For Dwight Tucci, the past 10 months have been filled with therapy, frustration, and angst. After a knee-injury took him out last season, the senior close-defenseman has now made his due-return to the field.
For any athlete, especially college athletes, an injury is something that gets forever stuck in the memory. The trigger-sense of whenever the part is touched after it is healed reminds athletes of struggles long-past. Sometimes, you can just tell in the instant something goes wrong, when you get injured, that it won’t be a quick-fix. Then, the days, afterward, when you have to just wait out the healing process, which is literally like watching paint dry. Not only do you get insanely bored, but at times, you’ll get to see your teammates playing, practicing, and running without you. At first, you may enjoy the relief of not having to run with them, but after a while, you start feeling guilty for not being there with them. It’s also an experience of having to explain your injury to 20 different people every day.
Dwight Tucci will tell you that it’s not fun. He says he just took it as it was after he felt his knee pop inward during a game. During a spring season game against Drexel University, Tucci ran the ball up the field and crossed into shooting range. He took his shot, causing his right leg to plant itself into the turf. The cleats that Tucci was wearing stabbed themselves stuck into the turf. He knew that it wasn’t right, and in that moment, his knee popped inward and Tucci fell to the ground. After an MRI a week later, Tucci would be out of game-play for the next 10 months.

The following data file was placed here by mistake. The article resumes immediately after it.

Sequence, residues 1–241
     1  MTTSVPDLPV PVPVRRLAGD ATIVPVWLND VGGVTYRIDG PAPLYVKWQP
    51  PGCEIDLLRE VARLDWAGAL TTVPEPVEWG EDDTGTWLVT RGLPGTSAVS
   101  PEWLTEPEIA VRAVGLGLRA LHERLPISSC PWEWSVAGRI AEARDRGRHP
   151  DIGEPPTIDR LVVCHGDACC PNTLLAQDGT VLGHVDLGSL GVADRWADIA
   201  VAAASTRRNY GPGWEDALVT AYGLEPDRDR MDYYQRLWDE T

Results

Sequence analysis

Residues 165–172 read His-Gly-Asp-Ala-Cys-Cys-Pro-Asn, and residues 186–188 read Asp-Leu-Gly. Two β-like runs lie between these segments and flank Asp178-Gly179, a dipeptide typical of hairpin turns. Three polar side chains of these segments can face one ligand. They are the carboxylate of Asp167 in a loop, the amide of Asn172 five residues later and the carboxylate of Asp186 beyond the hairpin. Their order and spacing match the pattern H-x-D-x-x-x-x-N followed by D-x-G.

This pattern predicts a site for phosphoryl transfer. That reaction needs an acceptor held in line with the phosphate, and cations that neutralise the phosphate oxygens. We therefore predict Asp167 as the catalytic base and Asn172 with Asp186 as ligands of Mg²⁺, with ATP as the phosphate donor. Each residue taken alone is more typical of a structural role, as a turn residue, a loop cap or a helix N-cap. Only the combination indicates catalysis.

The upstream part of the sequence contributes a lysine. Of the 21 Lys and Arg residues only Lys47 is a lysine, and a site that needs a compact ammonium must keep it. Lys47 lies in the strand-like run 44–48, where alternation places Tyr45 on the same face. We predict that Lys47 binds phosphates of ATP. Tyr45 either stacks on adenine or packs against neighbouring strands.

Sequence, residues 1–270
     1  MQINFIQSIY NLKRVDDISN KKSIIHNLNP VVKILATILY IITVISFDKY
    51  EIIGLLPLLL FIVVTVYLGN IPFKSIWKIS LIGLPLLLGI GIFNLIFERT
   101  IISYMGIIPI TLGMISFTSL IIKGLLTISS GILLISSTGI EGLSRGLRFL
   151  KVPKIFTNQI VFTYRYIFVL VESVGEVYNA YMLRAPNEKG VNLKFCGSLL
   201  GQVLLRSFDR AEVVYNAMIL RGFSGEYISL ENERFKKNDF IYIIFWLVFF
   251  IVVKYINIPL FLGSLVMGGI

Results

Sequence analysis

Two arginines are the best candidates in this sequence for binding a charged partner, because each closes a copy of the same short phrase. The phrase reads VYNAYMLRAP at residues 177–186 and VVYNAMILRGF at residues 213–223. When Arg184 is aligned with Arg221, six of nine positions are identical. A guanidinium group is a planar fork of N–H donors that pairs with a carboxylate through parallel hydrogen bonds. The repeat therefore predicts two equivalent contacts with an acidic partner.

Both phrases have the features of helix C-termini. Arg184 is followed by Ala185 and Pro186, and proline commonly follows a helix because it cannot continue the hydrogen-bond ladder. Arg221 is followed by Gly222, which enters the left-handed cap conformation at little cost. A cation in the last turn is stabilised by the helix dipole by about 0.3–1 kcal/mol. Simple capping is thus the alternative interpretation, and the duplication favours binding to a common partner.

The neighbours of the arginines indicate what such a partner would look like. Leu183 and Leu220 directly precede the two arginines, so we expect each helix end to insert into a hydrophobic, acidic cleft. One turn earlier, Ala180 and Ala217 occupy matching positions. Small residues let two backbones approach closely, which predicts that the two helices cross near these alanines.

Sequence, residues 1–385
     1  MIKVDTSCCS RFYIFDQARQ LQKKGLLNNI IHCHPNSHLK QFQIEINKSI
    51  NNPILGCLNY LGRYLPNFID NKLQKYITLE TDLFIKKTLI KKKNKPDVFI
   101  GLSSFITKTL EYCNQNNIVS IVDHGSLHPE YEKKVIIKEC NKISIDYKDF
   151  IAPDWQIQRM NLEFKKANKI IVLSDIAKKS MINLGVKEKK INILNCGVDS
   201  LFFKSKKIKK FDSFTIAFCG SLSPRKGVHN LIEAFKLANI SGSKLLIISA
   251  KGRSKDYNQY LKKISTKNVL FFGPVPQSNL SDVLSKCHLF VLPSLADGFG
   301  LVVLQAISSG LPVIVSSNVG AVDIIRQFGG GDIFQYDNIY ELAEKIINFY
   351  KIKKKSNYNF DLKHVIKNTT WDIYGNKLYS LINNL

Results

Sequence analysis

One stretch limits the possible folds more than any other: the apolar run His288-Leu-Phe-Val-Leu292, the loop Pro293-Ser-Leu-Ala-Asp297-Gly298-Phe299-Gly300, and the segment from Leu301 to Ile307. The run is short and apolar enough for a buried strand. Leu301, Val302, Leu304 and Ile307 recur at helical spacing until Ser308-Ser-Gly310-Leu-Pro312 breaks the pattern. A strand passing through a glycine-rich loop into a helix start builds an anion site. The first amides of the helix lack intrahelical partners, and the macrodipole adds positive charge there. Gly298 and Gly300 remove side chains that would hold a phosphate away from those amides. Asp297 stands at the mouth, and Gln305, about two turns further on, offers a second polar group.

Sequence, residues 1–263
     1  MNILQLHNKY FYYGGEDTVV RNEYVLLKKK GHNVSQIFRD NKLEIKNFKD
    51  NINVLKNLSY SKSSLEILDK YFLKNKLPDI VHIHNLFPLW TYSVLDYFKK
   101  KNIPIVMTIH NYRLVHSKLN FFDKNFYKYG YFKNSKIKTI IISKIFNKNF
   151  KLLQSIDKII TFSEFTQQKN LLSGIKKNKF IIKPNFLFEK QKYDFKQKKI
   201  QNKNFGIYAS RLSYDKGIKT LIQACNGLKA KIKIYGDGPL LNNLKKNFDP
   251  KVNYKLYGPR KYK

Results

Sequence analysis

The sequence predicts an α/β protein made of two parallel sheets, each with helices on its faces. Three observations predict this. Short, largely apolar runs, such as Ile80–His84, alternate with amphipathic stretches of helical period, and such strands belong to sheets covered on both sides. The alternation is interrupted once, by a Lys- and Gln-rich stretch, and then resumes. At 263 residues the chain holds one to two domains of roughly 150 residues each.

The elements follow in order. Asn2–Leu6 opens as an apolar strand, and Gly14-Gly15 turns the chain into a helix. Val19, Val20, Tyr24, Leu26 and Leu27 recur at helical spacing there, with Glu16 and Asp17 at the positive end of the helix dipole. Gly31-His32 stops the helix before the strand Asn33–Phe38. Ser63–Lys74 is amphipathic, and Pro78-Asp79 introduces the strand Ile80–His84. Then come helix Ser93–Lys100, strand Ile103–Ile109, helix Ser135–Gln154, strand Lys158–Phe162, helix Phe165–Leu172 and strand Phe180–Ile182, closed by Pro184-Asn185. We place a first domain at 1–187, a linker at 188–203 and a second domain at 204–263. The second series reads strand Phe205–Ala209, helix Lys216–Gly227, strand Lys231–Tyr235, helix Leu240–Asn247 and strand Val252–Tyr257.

As you would figure, Tucci faced the depression and frustration of not being able to come back to play. He knew right off the bat that it would include a long-recovery process, as well as some restrictions with working out. A third of his normal workout had to be shelved due to his leg.
After surgery, Tucci received therapy and rehabilitation for three months until his insurance couldn’t pay for it anymore. That didn’t stop Tucci’s pursuit for recovery though. Thanks to the techniques learned in rehab, Tucci was able to replicate them on his own time. Rehab exercises such as rubber-band stretches, foam-rolls, and one-legged exercises, helped Tucci get back up to speed.
In practice, Tucci had to hold back for most of the fall season. No helmet and gloves until the last practices in November. Now, it’s been nearly four weeks since winter training began, and Tucci states that he’s at about 85 percent back into gear.
“With stop-and-go movements, when I’m playing defense, if I push too hard, it will still hurt. I’m self-conscious, I still hold back on it.” Tucci said.
Tucci is still checking quick and shuffling as a close-defender would, just with a little wrapping on his right leg. We all hope to see him as he takes on the field again.
For now, Tucci just wants to get back to his team and win.
“I want to see them go far, get to Nationals. I just want to be part of it.” Tucci said.